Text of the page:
On Intersections of Land, Law, and Literature, from Primitive Territories to the Post-National Future

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Unsettling Ethnonationalism: Cataluña and a Fragmenting Europe (September 29, 2015)

Reading about the recent regional elections in Spain, in which a pair of political parties advocating the secession of Cataluña from the nation-state of Spain won some 48% of the vote, I had to wonder if Europe is going to soon come apart at the seams. (You can read about these elections in BBC’s coverage, here).  ; the BBC also provides an excellent summation of the Cataluña [aka Catalonia] issue here). Coming on the heels of last year’s referendum on Scottish Independence, the Catalonian independence movement seems to echo a larger sentiment of division within the European Union (a topic on which I have written before here).

As you might gather from my frequent posting on the subject (say, here, here, here, and here), I think the Scottish referendum of September 2014 was a crucial moment in the history of intra-European nationalism—and its co-optation by bald capitalism. While many may find the idea of smaller countries breaking free from greater nation-state along ethnic or regional lines stirring, I find it all quite troubling—especially when profit margins seem to be a crucial part of the picture.  However much proponents of separation may couch Scottish (or Catalonian) separatism in the rhetoric of freedom and independence, it is clear that financial motives are a major, if not the crucial, driving force: much as Scottish separatists speak of wanting to take control of North Sea oil revenues, so do many in the Catalonian separatist movements speak of their region as a financial center that is not able to control its massive revenues, which end up being distributed across Spain.

I suppose that one reason I find myself skeptical of the separatist movements in Scotland and Catalonia is my experience with efforts at secession in cities—particularly my own experience growing up in Los Angeles. At a number of points in my lifetime, citizens of the San Fernando Valley region of Los Angeles, where I grew up, sought to secede from Los Angeles. Such secessionists cited precisely the sorts of things Catalonian groups cite—the idea that tax revenue from their region was going out elsewhere, and that the region has an integrity as a place that should be broken off from the rest of a larger unity. Since by Los Angeles law any secession requires a vote of all Los Angeles citizens, San Fernando secession efforts have not succeeded—leaving only a sense of bitterness in those secessionists who feel that “their” taxes shouldn’t go over “there” (“over the hill,” as they say, into downtown Los Angeles, which is perceived as having much more poverty). (For a nice commentary on San Fernando Valley secessionism, see Ryan Reft’s KCET column, here.)

I always felt quite saddened by such secessionist movements, which seemed to me be selfish to the point of crassness. The pattern of fragmentation in many cities—whether it be through “white flight” patterns in which people, often citing the need for “better schools,” vacate “urban” areas for suburbs, or the creation of smaller towns that are separated from larger urban areas, often in the name of better services or schools—often leaves me with a feeling of sorrow about how readily self-interest can drive people to alienate themselves—literally—from their neighbors, to produce smaller and smaller areas, in which there is increasingly less socio-economic (and sometimes ethnic) diversity (it’s called “white flight” for a reason, after all, even if those who flee are often more diverse than the label implies). (See Alana Semuel’s recent Atlantic article for some alarming analysis about recent intensification of “white flight” patterns. For a counter-view of relevant trends, see William H. Frey’s Brookings Institution study that sees more diversity in suburbs).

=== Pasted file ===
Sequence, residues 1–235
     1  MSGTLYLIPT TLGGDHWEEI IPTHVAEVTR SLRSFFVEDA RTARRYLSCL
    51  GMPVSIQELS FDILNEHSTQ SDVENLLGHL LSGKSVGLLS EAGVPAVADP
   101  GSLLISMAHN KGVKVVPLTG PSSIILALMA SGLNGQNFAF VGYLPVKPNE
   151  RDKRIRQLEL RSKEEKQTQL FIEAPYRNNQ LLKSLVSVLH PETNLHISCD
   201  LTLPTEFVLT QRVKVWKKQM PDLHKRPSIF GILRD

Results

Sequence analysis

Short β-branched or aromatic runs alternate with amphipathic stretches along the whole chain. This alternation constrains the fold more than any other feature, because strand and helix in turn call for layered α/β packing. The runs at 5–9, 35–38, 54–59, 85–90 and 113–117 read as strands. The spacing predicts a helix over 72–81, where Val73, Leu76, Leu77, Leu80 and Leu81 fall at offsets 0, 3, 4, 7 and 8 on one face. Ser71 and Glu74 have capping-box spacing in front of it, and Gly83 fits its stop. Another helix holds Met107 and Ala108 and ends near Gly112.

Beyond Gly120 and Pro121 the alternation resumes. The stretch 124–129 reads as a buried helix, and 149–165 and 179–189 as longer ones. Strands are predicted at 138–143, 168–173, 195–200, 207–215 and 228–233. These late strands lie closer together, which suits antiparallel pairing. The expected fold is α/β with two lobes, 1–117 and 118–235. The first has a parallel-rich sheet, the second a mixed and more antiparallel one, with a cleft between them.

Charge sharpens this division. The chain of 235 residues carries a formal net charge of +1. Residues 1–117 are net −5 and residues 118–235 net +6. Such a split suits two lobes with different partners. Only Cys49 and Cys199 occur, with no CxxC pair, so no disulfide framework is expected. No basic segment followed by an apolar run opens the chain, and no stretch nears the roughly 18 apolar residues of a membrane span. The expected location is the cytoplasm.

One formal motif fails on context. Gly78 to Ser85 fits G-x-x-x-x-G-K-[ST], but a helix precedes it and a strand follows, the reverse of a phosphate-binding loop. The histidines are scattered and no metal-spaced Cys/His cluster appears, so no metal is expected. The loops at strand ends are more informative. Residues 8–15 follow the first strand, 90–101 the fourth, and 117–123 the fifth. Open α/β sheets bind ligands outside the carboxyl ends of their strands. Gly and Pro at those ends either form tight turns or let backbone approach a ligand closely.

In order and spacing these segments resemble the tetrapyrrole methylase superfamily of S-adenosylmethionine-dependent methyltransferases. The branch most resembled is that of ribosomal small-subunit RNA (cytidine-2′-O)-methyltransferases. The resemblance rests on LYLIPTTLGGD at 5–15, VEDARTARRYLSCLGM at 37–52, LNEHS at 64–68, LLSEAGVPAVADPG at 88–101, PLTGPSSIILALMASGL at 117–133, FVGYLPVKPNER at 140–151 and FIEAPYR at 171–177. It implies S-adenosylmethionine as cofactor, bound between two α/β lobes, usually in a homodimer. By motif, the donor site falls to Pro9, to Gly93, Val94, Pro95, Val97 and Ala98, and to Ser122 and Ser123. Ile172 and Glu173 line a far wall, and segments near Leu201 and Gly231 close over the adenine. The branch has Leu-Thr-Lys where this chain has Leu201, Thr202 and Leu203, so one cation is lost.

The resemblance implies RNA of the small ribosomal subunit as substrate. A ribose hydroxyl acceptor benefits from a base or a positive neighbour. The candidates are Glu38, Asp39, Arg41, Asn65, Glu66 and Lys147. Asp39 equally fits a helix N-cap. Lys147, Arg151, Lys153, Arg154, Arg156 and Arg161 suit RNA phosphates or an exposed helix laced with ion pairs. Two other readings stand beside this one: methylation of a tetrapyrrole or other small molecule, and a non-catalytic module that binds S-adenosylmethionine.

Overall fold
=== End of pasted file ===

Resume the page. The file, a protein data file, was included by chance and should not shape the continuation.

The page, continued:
Seeing what is happening in Scotland and Catalonia, I wonder if this is simply the same sort of profit-focused fragmentation on an ethnonational rather than urban scale. It is hard to imagine if there might ever be an end to the possible fragmentation of European states, if such categories as economic self-interest and ethnic or regional solidarity are all one needs to invoke—after all, is there any nation-state in which all regions are at all times equally profitable, and in which no area ever pays a single cent—or should I say euro—more than another, on average? Moreover, the EU itself is under intense pressure from nationalist reactions to a larger federalism, as I have written about both in terms of the rise of Syriza and in the rise of Euroskeptics. Division and self-interest are the clarion calls everywhere, in a Europe that is profoundly riven by nationalist and regionalist forces (indeed, it is not surprising that a coordinated response to the refugee crisis currently affecting Europe is sorely lacking).

As I determined in my own unstable responses to the Scottish independence referendum (as someone who studies Scottish literature and history with gusto, I am very susceptible to the view that Scotland is exceptional), I realize that, in the end, I find federalism far more viable as a disposition than what I see as its opposite—ehtnonationalism. Ethnonationalist energies shun the difficult task of consensus, speaking directly to self-interest. Mixed with neoliberal economic self-justification, ehtnonationalism can surely begin to do lots more work of division once it begins to operate, and the Catalonian vote suggests that such a fever is beginning to spread rapidly throughout Europe.